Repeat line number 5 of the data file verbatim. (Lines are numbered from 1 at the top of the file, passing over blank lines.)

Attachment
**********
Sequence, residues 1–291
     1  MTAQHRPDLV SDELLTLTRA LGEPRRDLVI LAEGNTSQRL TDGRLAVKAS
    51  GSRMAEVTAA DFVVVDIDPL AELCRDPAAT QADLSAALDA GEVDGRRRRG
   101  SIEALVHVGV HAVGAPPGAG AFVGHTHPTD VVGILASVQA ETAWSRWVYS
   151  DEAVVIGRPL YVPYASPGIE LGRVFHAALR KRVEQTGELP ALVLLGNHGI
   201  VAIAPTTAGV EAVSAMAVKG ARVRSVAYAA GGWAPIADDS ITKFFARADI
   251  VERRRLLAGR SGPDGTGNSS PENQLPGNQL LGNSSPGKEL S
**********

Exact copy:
   151  DEAVVIGRPL YVPYASPGIE LGRVFHAALR KRVEQTGELP ALVLLGNHGI